If I was going to compare him to someone, the Impressionists come to mind.
Bill and I shared an interest in art, and that's where the comparison stops. Bill was a fine Impressionist painter, and Claude Monet was one of his heroes. In fact, Bill used to stop at a little bridge in the Fens on the way to the Boston Museum of Fine Art and imagine it was the famous Japanese foot bridge over the water lilies at Giverny that Monet painted many times.
I've seen photos of Bill's Impressionist landscapes. They are amazingly good, and an example how his interests outside of the broadcast booth brought texture to his broadcasts.
He was, however, private about his painting -- he never wanted anyone to praise or purchase anything because he was Bill King, the famous announcer.
Art despite anguish
Edouard Manet worked with Monet at Argenteuil in 1874, and although he resisted being included in the Impressionist camp, he has always been linked by time and style to Monet and his contemporaries.
I remember looking with awe at Manet's paintings at a 2002 Impressionist still-life exhibit at the Boston MFA. The paintings are vivid, belying that they were painted by a terminally ill Manet shortly before he died.
That Manet painted despite pain and partial paralysis -- his left foot was amputated 11 days before he died -- speaks to his love of his work.
Similarly, Bill worked almost literally until the day he died, but I want to avoid any confusion here. He was in generally good health for someone in his late 70s. He died as a result of complications from hip surgery, but, having worked next to him during his final year, 2005, it was clear he was in pain from the fall in Phoenix that wrenched his old hip replacement.
Yet, to listen to him that year, you would have never known he was hurting.
Bill often told me that there was nothing in his life that could match the feeling he got while he was on the air. It wasn't about the adulation, but the air that he breathed.
I thought Bill got better with age, and one of the reasons is that baseball broadcasting is best when delivered by a seasoned, mellow sound. Bill was a great storyteller and habitual about his preparation.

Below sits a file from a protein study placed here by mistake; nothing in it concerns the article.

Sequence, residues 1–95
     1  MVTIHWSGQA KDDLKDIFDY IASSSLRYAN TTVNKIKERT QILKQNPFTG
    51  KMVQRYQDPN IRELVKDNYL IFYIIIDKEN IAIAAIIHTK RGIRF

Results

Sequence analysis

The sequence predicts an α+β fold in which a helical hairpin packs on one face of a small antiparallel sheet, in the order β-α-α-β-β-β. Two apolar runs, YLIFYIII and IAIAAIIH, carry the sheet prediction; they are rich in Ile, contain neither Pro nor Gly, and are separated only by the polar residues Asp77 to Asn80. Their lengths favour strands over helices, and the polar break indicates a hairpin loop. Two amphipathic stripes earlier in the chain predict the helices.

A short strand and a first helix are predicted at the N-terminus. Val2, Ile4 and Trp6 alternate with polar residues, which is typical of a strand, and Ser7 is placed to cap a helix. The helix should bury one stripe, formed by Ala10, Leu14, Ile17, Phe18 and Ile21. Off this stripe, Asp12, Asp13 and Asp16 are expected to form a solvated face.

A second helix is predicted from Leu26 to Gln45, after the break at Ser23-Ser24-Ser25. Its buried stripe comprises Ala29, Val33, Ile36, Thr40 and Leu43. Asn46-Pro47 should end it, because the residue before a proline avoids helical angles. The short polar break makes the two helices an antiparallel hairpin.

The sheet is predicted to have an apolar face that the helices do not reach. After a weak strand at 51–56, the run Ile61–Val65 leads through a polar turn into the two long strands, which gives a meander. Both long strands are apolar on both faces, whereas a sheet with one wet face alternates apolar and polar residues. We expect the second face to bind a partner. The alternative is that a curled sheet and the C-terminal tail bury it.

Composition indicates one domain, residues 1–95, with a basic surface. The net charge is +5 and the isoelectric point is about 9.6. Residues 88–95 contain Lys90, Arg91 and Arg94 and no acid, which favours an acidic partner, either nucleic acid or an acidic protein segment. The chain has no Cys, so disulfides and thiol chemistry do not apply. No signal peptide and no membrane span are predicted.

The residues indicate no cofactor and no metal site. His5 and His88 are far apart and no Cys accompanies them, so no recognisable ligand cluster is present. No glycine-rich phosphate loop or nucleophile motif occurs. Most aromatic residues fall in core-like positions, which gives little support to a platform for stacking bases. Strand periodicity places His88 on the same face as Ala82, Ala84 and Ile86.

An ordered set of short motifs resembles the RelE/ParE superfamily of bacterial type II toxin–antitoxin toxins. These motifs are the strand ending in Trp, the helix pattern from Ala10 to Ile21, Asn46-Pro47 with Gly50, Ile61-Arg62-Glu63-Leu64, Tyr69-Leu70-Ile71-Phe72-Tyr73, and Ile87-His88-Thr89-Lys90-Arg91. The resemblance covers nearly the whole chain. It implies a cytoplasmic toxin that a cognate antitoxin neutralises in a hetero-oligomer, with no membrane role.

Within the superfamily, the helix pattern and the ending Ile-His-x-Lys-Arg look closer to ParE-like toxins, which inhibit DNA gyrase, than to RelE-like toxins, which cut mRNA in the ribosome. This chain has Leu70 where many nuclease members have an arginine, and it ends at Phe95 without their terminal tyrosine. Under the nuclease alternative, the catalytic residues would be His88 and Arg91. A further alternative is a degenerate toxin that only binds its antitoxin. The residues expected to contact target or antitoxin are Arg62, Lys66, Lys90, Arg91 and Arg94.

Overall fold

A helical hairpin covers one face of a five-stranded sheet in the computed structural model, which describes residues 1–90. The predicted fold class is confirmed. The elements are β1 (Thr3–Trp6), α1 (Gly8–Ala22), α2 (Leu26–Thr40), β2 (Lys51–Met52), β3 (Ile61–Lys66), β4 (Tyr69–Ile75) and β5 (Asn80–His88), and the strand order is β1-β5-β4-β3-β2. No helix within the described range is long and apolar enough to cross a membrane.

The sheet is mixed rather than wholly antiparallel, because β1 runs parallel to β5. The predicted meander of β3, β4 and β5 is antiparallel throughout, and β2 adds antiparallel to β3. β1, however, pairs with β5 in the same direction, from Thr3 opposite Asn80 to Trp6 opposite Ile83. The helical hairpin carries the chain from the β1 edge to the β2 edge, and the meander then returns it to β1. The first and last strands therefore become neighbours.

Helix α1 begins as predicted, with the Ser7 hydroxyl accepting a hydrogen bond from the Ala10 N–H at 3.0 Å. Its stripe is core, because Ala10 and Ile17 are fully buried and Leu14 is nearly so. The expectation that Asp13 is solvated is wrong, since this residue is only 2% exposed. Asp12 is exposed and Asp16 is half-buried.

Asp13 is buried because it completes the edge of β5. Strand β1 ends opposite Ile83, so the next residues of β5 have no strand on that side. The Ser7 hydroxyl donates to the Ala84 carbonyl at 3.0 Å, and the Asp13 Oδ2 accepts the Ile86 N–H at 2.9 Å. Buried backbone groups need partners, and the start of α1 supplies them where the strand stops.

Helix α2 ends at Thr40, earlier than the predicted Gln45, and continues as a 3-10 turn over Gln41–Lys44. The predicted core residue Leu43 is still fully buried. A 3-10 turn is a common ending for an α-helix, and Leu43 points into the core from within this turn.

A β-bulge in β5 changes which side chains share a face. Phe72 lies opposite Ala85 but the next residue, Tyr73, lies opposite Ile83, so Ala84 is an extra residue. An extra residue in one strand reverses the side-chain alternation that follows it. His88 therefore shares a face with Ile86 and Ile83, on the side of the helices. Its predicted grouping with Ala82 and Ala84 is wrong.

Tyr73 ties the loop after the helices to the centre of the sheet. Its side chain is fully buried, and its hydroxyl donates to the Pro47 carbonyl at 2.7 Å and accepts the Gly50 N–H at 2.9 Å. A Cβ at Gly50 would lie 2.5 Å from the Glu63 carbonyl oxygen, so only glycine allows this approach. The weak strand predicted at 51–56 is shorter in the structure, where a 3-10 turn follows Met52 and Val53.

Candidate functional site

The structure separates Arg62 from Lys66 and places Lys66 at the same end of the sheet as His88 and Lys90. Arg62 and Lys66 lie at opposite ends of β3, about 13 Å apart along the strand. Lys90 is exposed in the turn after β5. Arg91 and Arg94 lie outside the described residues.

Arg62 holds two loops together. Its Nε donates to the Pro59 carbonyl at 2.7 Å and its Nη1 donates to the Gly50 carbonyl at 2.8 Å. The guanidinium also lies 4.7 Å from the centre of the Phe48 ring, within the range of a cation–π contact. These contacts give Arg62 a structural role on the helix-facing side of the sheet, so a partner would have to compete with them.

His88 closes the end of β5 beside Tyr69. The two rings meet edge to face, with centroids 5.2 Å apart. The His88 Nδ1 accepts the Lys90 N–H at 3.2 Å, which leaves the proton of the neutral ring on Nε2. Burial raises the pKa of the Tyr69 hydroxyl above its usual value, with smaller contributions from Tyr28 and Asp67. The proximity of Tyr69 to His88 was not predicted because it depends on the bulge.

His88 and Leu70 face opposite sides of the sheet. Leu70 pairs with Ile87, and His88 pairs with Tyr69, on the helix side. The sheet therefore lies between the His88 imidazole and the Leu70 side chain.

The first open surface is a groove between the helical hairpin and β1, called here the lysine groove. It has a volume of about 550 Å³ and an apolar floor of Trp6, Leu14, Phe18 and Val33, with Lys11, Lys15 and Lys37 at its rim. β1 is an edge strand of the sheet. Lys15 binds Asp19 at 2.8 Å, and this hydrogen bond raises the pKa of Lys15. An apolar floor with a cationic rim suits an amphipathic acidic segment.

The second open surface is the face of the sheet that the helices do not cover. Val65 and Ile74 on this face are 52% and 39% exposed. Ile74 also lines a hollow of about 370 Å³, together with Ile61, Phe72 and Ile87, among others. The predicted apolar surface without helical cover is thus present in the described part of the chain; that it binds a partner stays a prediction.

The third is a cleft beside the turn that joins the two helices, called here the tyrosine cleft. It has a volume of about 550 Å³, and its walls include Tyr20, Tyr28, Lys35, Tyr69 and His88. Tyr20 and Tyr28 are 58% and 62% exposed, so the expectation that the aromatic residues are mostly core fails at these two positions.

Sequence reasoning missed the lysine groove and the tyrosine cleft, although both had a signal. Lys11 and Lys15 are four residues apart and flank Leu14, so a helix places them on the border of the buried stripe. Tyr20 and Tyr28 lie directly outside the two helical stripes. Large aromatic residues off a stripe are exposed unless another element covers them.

Bill would never even listen to tapes of himself. He was, however, a perfectionist. He would be inconsolable if he missed an important call.
Those occasions were seldom.
What you got from Bill was unvarnished, and he never tried to conform to what he or others thought he should sound like. It's a little like what Red Barber told a young Vin Scully when they started working together on the Dodgers' broadcasts in the early 50s:
"You should avoid listening to other announcers because you don't want to water your wine."
Stylish, driven to the end
One of Manet's most famous and influential paintings, LeBar aux Folies-Berjere (1882), was completed one year before he died, and the work reflected Manet's enjoyment of high society.
Bill certainly enjoyed some of the same things, to be sure, but those who knew him well knew a man of capacious taste.
He was into opera, ballet, music and fine wine, and late in life he developed a love of NASCAR. After a night of fine dining, he would breakfast on Cheetos. On our cross-country flights with the A's, he would devour a newspaper like a five-course meal.
When Manet was in his final years, friends used to bring him bouquets and he would paint them and they became still-life masterpieces. Robert Hughes, in Time Magazine, wrote that "the painting of flowers played an expressive consolation to him in his last years."
As I noted before, Bill did great work to the end, too. He was full speed ahead in the days before the hip surgery in 2005, looking forward to working a full schedule of A's broadcasts the next year.
He never looked forward to the home games -- the Bay Area commute drove him nuts -- but loved the more simple rhythms of the road, where he had his favorite lunch spots and he would feel very European after indulging in fine food and a few sips of wine.
Many Manet biographers have written that, near the end, Manet was stripped of self-consciousness and his work reflected his love of life and style. He was a complicated man -- he didn't want to be defined, except that he had an intense focus on the integrity of his art.
Bill was that way in many respects, too, and the similarities don't end there.
Edouard Manet was born in Paris in 1832. His dad wanted him to study law, but after failing his naval exam, he went into the merchant marines instead. Bill King's education was self-taught, and he began broadcasting for Armed Forces Radio while in the service in Guam.
Like Manet, Bill hated to be categorized and never compromised, but he had a profound respect for the broadcasting greats who came before him.
While Manet traveled to Italy, Germany and Holland and learned from the legacies of Goya, Hals and Velazquez, Bill's influences were the Midwestern voices of his youth: Caray, Elson and Brickhouse.